No No No No November, tomorrow brings December. The calendar claims that we are sliding into winter—that it is only three weeks away. But as rain continues to melt November snow, it feels more like early spring. Aki and I walk through the Treadwell mining ruins. The lovely snow is almost all slush on the trail. The little dog works to avoid stepping into the little swimming pools of melt water that fill each boot print on the trail. But neither the rain nor the slush discourages her. When I feel the cold water soak my socks I check to see if the poodle-mix wants to make it a short day. She is already down the trail, smelling more signs left by her dog buddies.
To avoid the slushy trail, I lead Aki out onto the beach of crushed gold ore that fronts the ruins. Here the trail is drier but we’ve lost the protection from the wind driven rain that the ruin’s trees provided. I’d like to stay and enjoy the harsh beauty of storm clouds above the channel but retreat back into the trees before my hands are too cold to operate the camera.
Later, from a protected spot at the edge of the woods, I will watch two bald eagles circle above the channel as if it were summer. Nearer, a brace of loons will dive on baitfish that have collected in the collapsed glory hole. Aki will play tag with a wet wheaten terrier. But when we reach the trailhead, she will be the first to the car, waiting with impatience, for me to open the door.
Our plane arrived to late last night to allow us to bring Aki home from the neighbor who cared for her during our trip to Washington D.C. When her other human and I enter their house this morning, the little dog yipped with excited and ran back and forth between her temporary caregivers and us. Outside a light rain melted through the snow like it was sugar. Because of the thaw, most of the trails are covered in slush. So I let Aki lead me up Basin Road and onto the Perseverance Trail.
When we left to fly south, the roofs on the Craftsman homes that snake along Basin Road had heavy snow loads. This morning they are wet with rain.
A human friend joins the little dog and I on the hike. When he bends down to secure an ice cleats to his boot, a dog treat drops out of his pocket. Aki stares at it but doesn’t gobble it down. Even after he said she could have it, Aki wouldn’t eat it. But after that, she kept close to my friend. Sometimes she would leap up until she was waist high on him in case he was holding the treat in his hand. But he never was. She never tasted the snack.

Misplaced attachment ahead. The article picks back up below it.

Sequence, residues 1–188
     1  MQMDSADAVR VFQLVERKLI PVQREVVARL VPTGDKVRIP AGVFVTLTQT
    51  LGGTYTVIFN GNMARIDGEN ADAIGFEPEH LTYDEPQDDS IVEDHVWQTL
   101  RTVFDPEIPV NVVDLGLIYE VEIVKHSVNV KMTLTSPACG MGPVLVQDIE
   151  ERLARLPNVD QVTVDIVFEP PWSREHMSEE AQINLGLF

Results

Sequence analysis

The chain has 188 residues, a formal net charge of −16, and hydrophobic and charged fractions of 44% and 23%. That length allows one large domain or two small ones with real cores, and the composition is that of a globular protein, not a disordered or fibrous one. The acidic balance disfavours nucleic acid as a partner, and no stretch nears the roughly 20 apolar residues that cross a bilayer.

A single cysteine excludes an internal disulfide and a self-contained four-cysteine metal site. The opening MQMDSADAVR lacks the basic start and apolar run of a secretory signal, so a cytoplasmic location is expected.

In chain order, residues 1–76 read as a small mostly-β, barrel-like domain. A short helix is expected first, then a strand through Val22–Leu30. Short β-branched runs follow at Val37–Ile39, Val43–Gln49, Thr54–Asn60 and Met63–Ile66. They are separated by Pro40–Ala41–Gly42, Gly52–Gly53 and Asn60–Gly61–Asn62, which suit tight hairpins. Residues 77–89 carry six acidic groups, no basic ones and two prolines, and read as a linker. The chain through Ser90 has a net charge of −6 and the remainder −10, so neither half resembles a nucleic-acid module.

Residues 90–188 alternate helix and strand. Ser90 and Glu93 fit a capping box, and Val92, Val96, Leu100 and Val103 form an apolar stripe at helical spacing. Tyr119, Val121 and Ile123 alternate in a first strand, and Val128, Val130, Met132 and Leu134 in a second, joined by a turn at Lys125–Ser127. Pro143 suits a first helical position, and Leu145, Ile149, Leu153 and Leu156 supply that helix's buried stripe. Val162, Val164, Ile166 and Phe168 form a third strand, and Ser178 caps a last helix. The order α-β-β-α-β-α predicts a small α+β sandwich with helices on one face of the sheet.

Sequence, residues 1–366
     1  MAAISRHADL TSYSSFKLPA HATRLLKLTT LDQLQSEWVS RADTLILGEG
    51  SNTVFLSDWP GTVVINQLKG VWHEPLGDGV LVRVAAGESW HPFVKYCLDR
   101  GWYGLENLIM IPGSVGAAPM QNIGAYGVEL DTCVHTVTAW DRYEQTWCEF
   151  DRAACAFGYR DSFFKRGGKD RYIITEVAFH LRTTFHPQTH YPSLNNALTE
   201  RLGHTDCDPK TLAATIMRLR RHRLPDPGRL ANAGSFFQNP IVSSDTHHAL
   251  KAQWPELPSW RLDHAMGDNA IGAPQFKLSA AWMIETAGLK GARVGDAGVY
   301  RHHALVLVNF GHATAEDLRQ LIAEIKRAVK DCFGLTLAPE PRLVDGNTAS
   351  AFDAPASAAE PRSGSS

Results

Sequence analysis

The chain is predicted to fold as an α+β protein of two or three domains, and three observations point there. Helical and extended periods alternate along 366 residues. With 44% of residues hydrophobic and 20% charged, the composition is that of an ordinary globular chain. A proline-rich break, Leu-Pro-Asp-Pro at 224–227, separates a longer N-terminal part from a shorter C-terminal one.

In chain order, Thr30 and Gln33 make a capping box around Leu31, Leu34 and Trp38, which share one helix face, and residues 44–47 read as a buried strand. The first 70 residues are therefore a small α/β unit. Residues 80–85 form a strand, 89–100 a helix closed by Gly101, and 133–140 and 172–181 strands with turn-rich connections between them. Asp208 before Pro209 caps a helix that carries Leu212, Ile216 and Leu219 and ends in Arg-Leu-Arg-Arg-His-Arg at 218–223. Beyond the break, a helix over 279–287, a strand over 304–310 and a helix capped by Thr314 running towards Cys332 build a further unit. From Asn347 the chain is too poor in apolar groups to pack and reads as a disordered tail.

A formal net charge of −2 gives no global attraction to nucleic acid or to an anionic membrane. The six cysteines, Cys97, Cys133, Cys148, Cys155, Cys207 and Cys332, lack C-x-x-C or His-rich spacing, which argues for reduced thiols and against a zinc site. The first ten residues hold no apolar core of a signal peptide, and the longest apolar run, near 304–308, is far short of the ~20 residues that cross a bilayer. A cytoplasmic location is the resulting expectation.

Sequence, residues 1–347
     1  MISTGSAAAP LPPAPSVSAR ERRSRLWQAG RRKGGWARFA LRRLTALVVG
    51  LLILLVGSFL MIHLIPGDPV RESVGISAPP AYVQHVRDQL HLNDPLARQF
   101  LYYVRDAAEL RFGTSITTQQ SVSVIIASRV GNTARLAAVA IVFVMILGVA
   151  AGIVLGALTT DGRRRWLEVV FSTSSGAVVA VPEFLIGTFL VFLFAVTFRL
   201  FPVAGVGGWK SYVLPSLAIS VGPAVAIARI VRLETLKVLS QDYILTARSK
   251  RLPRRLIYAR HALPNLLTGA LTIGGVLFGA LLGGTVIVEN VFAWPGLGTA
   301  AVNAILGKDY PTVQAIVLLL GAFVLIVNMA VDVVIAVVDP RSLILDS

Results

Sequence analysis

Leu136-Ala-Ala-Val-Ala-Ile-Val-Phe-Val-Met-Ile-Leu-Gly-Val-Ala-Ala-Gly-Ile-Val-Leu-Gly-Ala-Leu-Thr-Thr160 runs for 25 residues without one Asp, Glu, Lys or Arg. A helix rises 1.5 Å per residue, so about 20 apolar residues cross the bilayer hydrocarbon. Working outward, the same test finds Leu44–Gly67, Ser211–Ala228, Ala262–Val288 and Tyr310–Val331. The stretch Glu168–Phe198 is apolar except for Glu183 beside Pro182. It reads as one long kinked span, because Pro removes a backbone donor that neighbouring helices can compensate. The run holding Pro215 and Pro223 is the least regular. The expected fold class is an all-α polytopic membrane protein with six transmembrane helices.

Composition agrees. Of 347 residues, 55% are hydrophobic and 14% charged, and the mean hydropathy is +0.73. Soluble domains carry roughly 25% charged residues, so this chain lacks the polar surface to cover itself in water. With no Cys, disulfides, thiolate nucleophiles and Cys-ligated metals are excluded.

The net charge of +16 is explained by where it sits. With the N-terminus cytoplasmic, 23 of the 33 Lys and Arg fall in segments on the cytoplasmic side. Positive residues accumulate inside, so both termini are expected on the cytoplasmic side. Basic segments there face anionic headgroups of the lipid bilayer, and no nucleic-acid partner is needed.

Preservation is an odd thing. Using the latest technology, the US government is attempting to preserve in time the home of its first president: George Washington. Here are sheep, grazing like they did when George lived here. Here is the table he dined at, the bed he died in. Here are reproductions of the quarters he fashioned for his slaves. Here is a multi-media display to help modern visitors taste the life of a slave during the country’s infancy.
Still, I can only guess at the brutality it took to maintain this plantation during Washington’s time.
It will be good to return home tomorrow to Alaska and Aki. But, I will miss the sun and moderate temperatures.
I’m in the American Portrait Museum, face to face with a bust of William Seward: the man who engineered the US purchase of Alaska from the Czar. We celebrate his birthday in Alaska by giving everyone the day off. Here, close to where he was almost assassinated, his image hides in a corner.
Earlier, I walked over the Eastern Market, stopping at each of the tiny “take one, leave one” libraries. Even though the birdhouse-like structures only hold a couple dozen books, their contents allow a good read of the neighborhood’s character. The first one I checked on Capitol Hill contained a recent paperback novel by Isabelle Allende and a slim volume of essays by Montaigne. Another one had a hardback tome on Joan Moro. A few blocks away, we could only find crime novels and kid books.